ICE Posts Wrong Numbers on Alternatives to Detention (ATD) Monitoring
(14 Dec 2022) ICE has informed TRAC that Alternatives to Detention (ATD) data previously released by the agency on several occasions between August 2022 and December 2022, as well as data previously released for FY 2022, was inaccurate. TRAC therefore urges caution in interpreting the latest numbers ICE has just posted.

The data ICE has been posting for months showed that use of GPS ankle monitors had been increasing which TRAC previously reported. ICE now reports this is incorrect, that ankle monitor usage is in fact way down, not up. Adding to the confusion, ICE frequently posts data, replaces it, and replaces it again without any indication that changes have taken place, or which set are the "correct" numbers.

ICE data reporting problems extend beyond the GPS ankle monitor usage. ICE's new data for FY 2022 significantly revised the previously numbers for every single one of the ATD reported technologies—not only GPS, but also SmartLINK, and VoiceID, as well. Not only did the use of GPS monitors drop, but the public now learned that one-in-nine (11%) were not being monitored with the use of any technology at all! Also materially revised were the costs for technology during FY 2022 and average lengths in the program, as well as what was happening in a substantial number of local AOR offices across the country.

In response to FOIA requests that TRAC has been regularly submitting since June, ICE has started belatedly releasing some source documents after long delays. But unfortunately, the agency often redacts (i.e. withholds) the columns related to specific ATD technology being used, claiming that release of this information to the public would undermine agency law enforcement. TRAC has asked the agency to begin promptly releasing the underlying anonymized source documents, including the specific ATD technology being used, so that the public has a basis to verify ICE's posted figures and correct ICE's past misreporting.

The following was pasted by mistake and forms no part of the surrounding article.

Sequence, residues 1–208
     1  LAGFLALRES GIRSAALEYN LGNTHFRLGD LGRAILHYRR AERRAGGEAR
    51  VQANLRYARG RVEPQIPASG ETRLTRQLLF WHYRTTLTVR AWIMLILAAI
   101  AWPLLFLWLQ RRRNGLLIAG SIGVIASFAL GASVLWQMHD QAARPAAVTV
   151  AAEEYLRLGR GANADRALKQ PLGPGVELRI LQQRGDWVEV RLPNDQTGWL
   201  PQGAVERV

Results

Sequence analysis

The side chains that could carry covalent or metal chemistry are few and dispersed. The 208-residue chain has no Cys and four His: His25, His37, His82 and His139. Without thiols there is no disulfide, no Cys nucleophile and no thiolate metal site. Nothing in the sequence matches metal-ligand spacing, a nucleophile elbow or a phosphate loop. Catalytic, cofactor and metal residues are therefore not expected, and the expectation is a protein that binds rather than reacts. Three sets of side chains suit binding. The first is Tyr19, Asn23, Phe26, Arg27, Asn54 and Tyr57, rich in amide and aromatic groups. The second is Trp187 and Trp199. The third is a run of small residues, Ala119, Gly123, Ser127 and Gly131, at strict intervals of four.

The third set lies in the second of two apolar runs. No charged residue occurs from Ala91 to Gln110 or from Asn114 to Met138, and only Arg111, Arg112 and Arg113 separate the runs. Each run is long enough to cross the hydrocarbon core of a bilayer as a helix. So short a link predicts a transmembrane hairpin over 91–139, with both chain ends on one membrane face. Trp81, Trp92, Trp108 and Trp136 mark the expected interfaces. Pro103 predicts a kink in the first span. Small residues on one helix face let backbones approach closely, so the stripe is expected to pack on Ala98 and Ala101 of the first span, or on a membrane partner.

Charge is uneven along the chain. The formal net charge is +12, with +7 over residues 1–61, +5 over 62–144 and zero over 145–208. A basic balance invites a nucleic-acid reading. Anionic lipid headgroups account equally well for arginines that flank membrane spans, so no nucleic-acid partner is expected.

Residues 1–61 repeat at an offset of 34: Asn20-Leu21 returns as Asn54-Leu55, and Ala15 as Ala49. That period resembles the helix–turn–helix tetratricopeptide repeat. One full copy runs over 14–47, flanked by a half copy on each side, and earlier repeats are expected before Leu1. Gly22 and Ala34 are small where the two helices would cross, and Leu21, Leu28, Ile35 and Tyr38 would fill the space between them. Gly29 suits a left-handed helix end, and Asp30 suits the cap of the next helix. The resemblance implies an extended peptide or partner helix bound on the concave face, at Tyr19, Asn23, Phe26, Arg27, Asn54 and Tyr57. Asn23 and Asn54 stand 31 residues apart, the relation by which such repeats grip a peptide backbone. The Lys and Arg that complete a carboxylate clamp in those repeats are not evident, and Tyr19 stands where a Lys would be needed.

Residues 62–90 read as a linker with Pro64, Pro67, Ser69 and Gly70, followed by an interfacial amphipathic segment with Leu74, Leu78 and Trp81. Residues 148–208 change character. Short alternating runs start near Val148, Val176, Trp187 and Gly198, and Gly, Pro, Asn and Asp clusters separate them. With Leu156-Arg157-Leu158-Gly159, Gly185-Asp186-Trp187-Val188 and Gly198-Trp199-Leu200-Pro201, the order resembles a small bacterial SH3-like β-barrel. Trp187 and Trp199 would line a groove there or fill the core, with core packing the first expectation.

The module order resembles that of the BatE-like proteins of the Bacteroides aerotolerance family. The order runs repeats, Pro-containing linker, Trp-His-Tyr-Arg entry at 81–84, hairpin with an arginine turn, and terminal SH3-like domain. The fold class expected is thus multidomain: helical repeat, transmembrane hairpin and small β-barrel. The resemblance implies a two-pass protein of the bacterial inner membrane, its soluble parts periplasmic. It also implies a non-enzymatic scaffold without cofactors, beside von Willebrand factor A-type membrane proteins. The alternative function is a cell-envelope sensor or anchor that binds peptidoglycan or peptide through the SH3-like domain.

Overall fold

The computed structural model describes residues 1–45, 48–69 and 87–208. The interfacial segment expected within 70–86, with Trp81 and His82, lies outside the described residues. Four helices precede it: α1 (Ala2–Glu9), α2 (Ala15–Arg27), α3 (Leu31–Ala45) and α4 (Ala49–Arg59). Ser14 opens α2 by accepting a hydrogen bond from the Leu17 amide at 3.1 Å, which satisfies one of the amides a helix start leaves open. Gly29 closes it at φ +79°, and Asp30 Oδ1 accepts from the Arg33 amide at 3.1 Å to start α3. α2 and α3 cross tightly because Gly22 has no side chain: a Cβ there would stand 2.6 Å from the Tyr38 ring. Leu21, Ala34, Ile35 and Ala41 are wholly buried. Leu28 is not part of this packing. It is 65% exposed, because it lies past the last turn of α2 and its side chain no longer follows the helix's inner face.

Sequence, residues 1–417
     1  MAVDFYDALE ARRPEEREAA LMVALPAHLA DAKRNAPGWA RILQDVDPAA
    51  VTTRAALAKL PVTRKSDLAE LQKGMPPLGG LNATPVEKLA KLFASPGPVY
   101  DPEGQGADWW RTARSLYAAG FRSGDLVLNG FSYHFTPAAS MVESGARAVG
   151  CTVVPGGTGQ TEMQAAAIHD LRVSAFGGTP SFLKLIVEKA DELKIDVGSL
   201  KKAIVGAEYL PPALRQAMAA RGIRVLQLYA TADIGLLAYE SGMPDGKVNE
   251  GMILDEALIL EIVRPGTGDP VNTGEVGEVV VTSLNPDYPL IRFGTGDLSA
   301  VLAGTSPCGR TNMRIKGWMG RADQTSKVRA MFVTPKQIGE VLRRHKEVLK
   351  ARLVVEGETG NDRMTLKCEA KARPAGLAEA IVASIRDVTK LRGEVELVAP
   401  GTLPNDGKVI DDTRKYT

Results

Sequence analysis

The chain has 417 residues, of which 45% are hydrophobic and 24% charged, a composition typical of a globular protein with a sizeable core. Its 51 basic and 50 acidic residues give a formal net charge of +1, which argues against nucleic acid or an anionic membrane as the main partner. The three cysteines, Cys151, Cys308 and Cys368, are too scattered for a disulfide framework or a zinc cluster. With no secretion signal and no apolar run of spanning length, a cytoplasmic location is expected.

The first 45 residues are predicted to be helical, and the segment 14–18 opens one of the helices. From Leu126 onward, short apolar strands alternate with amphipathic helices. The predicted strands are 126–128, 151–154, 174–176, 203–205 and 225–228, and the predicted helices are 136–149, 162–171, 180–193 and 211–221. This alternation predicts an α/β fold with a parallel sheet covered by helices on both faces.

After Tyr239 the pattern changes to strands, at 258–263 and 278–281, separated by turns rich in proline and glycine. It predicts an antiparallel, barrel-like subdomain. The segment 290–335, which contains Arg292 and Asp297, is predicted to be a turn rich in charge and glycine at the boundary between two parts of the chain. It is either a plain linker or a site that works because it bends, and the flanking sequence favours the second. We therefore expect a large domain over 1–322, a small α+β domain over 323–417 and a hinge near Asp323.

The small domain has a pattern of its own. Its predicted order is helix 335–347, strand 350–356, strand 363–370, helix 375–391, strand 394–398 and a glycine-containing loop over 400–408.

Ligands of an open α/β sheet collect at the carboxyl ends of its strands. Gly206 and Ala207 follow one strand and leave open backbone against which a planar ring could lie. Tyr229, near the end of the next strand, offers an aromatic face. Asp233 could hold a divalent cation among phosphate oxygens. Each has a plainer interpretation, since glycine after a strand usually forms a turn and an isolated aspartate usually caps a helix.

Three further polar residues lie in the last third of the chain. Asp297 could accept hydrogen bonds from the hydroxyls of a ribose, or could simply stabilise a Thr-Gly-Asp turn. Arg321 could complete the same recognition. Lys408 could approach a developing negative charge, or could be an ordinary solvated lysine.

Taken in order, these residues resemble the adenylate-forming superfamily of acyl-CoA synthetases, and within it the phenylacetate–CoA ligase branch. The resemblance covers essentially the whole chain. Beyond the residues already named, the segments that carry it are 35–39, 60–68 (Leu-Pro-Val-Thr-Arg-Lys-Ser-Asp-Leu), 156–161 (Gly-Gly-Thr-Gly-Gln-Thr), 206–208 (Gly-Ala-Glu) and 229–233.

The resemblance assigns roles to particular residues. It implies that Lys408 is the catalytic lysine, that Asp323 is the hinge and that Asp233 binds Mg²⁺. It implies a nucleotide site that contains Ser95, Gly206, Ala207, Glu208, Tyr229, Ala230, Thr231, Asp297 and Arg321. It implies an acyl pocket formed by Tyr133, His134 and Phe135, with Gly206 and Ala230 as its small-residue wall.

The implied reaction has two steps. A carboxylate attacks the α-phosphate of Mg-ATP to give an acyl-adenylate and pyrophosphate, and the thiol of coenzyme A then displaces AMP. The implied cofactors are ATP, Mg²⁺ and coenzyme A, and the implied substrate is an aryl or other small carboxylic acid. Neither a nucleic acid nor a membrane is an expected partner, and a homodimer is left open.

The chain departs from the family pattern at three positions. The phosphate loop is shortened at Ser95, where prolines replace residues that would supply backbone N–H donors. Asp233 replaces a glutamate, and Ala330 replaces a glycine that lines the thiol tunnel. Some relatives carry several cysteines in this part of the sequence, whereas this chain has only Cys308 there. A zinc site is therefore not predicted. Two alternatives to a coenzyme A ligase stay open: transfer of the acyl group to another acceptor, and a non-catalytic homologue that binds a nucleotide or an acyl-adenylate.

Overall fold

Highlights from data updated in TRAC's Quick Fact tool show that:

  • Immigration and Customs Enforcement held 29,026 in ICE detention according to data current as of December 4, 2022.
  • 19,647 out of 29,026—or 67.7%—held in ICE detention have no criminal record, according to data current as of December 4, 2022. Many more have only minor offenses, including traffic violations.
  • ICE relied on detention facilities in Texas to house the most people during FY 2023, according to data current as of November 28, 2022.
  • ICE arrested 6,416 and CBP arrested 12,650 of the 19,066 people booked into detention by ICE during November 2022.
  • South Texas Family Residential Center in Dilley, Texas held the largest number of ICE detainees so far in FY 2023, averaging 1,623 per day (as of November 2022).

For more information, see TRAC's Quick Facts tools here or click here to learn more about TRAC's entire suite of immigration tools.

If you want to be sure to receive a notification whenever updated data become available, sign up at:

Follow us on Twitter at:

or like us on Facebook:

TRAC is self-supporting and depends on foundation grants, individual contributions and subscription fees for the funding needed to obtain, analyze and publish the data we collect on the activities of the US Federal government. To help support TRAC's ongoing efforts, go to:

Customized queries of TRAC's data TRAC FBI Web Site TRAC DEA Web Site TRAC Immigration Web Site TRAC IRS Web Site TRAC ATF Web Site TRAC Reports Web Site FOIA Project Web Site
Transactional Records Access Clearinghouse, Syracuse University
Copyright 2022
TRAC What's New TRAC